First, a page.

In order to achieve each of the above objects, the game device of the present invention is structured as described below.
One category of the present invention is a communication game system for a plurality of players to play a competitive game by connecting a plurality of game client systems to a game server system via communication means, wherein the communication game system comprises: transmission means for transmitting to the game server system via the communication means the game results obtained by actually playing the game in accordance with operations by the players; processing returning means for processing the game results from each of the client systems and returning the processing results to each of the client systems via the communication means; and reproducing means for reproducing the processing results at each of the client systems.
The game results herein used correspond to operational data of players obtained by actually playing the game, game play content data, play data, or game data that includes positions, speeds, behaviors, and the like of game objects operated by players.
Another category of the present invention is a game client system of a communication game system having a game server system for a plurality of players to play a competitive game, the game client system being connected to the game server system via communication means, wherein the client system comprises transmission means for transmitting to the game server system via the communication means the game results obtained by actually playing the game in accordance with operations by the players, and reproducing means for reproducing the processing results of the game which are returned via the communication means from the game server system.
In this structure, it is desirable that the transmission means comprises first transmission means for transmitting to the game server system the game results obtained by actually participating in the preliminary races of the game in accordance with operations by the players, and second transmission means for transmitting to the game server system the game results obtained by actually participating in the final races of the game in accordance with operations by the players, and wherein the client system comprises preparation means for preparing for the finals of the game according to the ranking results of the preliminary races of the game that are returned from the game server system in response to the transmission by the first transmission means.
For example, the reproducing means reproduces the processing results of the game that are returned from the game server system in response to the transmission by the second transmission means. Both preliminary and final races of the game are the games played in accordance with a player's sole performance at each client system.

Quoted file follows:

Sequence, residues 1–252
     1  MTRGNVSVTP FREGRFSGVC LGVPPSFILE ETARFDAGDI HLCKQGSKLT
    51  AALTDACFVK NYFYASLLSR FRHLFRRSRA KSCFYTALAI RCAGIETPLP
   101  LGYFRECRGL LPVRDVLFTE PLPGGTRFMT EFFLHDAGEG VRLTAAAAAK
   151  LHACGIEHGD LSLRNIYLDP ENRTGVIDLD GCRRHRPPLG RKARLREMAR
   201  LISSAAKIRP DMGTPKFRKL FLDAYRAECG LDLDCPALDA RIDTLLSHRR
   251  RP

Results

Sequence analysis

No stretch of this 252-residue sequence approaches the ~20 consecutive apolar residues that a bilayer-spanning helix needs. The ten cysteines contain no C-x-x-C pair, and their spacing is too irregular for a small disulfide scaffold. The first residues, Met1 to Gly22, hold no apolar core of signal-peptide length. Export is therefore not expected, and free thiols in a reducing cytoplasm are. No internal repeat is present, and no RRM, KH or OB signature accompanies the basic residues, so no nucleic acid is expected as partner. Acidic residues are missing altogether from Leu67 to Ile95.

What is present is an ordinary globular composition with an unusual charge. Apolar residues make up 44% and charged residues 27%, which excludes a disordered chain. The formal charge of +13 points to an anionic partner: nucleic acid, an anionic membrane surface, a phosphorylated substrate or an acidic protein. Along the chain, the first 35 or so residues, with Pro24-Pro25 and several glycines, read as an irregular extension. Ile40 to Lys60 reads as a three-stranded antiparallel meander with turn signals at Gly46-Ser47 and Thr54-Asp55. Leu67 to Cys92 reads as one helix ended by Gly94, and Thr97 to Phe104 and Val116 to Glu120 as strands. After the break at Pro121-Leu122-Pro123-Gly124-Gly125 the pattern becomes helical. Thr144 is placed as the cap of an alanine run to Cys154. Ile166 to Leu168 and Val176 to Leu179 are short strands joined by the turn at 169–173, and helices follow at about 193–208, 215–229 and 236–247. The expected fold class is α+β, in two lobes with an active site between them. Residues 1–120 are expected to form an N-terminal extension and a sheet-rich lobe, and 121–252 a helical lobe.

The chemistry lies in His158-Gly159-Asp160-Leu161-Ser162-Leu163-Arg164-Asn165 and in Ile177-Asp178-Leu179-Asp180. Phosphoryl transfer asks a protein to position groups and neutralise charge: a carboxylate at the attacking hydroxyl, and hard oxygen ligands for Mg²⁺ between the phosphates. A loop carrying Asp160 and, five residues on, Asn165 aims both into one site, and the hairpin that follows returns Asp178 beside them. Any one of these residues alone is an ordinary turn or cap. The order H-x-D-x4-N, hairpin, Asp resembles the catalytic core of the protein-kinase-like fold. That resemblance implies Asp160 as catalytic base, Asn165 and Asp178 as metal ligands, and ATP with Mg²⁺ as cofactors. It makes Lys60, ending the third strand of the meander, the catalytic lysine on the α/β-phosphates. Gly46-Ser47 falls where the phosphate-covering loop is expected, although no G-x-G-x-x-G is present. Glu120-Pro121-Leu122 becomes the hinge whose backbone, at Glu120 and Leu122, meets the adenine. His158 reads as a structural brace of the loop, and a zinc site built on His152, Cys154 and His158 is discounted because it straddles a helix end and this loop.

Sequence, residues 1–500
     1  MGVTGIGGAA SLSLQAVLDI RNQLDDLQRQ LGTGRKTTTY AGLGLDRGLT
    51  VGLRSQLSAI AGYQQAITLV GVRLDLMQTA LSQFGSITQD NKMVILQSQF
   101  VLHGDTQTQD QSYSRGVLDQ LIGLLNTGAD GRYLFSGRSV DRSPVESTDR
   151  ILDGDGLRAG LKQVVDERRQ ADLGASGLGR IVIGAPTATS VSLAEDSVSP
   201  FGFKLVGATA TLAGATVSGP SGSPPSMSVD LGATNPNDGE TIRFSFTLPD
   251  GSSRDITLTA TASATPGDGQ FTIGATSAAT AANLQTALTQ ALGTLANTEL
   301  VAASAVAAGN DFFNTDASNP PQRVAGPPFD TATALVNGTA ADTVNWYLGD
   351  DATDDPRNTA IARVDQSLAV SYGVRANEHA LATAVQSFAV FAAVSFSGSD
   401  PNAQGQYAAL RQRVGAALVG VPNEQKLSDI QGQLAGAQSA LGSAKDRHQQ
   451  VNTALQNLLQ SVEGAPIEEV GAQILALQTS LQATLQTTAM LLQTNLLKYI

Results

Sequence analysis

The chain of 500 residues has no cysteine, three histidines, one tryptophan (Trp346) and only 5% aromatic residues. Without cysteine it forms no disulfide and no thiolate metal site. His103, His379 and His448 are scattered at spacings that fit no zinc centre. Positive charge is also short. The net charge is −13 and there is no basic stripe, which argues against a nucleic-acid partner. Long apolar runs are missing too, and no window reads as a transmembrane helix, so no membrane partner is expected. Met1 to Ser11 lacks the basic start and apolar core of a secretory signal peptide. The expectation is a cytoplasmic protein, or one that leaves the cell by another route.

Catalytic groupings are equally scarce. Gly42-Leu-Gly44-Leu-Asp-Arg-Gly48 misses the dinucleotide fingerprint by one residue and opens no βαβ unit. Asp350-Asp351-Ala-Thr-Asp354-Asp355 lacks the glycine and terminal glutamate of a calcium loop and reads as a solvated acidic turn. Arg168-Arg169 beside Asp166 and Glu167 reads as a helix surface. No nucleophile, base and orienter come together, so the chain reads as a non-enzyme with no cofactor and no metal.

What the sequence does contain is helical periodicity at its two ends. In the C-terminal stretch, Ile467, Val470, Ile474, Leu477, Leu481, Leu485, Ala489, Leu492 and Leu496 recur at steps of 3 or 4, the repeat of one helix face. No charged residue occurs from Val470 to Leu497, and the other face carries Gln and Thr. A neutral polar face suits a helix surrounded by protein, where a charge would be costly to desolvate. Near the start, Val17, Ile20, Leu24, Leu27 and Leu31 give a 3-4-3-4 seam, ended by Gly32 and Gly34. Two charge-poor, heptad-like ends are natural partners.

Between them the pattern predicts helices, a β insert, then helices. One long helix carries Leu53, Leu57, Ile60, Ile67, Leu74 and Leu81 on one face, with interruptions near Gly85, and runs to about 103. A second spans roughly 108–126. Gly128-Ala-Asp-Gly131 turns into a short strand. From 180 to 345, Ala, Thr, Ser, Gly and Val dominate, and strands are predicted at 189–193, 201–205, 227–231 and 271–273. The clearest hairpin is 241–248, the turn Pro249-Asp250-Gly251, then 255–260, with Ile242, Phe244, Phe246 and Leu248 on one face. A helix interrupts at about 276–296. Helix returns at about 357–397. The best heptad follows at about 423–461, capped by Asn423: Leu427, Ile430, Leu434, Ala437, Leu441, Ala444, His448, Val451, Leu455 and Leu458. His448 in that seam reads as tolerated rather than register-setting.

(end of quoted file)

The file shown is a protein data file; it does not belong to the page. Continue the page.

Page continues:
Moreover, as a preferred example, the reproducing means comprises means for changing a visual point upon reproduction. This reproducing means may display a game object which moves in accordance with operations by a player, upon whom the reproducing means focuses attention. Specifically, it is desirable that reproducing means further comprise means for enabling display and observation of a game screen from a visual point of any game object among those game objects that are reproduced and displayed based on the processing results downloaded from the server, but not among those objects that someone among the players is presently operating, and for displaying “from which visual point of an object the game screen in displayed”. Moreover, this reproducing means can display by priority a game object positioned closer to a visual point when the processing results include the game objects that overlap one another in the virtual game space. Furthermore, when the processing results include the game objects that overlap one another in the virtual game space, the reproducing means may comprise means for modifying the states of the objects in order to avoid the overlapping of the objects. When the processing results include game objects that are moving with their display states overlapping that of another in a virtual game space, the reproducing means further comprises means for modifying the display states of the game objects in order to prevent these game objects from being displayed in the overlapping state at the time of reproduction of the processing results.
The reproducing means further comprises means for allowing overlapping of game objects when the processing results include the game objects that overlap in the virtual game space.
Still another category of the present invention is a game server system of a communication game system for a plurality of players to play a competitive game with their game client systems via communication means. The game server system is connected to the communication means and may comprise processing returning means for accepting via the communication means and processing the game results obtained by actually playing the game with the client systems in accordance with operations by the players, and for returning the processing results via the communication means to each of the client systems.
The game server system may comprise, for example, ranking returning means for accepting via the communication means the game results obtained by actually playing the game with the client systems in accordance with operations by the players, and deciding ranking based on the game results, and returning the ranking via the communication means to each of the client systems. Moreover it is desirable that the game server system comprises accepting means for accepting entries for the game from the plural client systems. The accepting means, for example, is the means for accepting entries for the game based on a specific algorithm which factors in the number of the entries and time-limit for entry.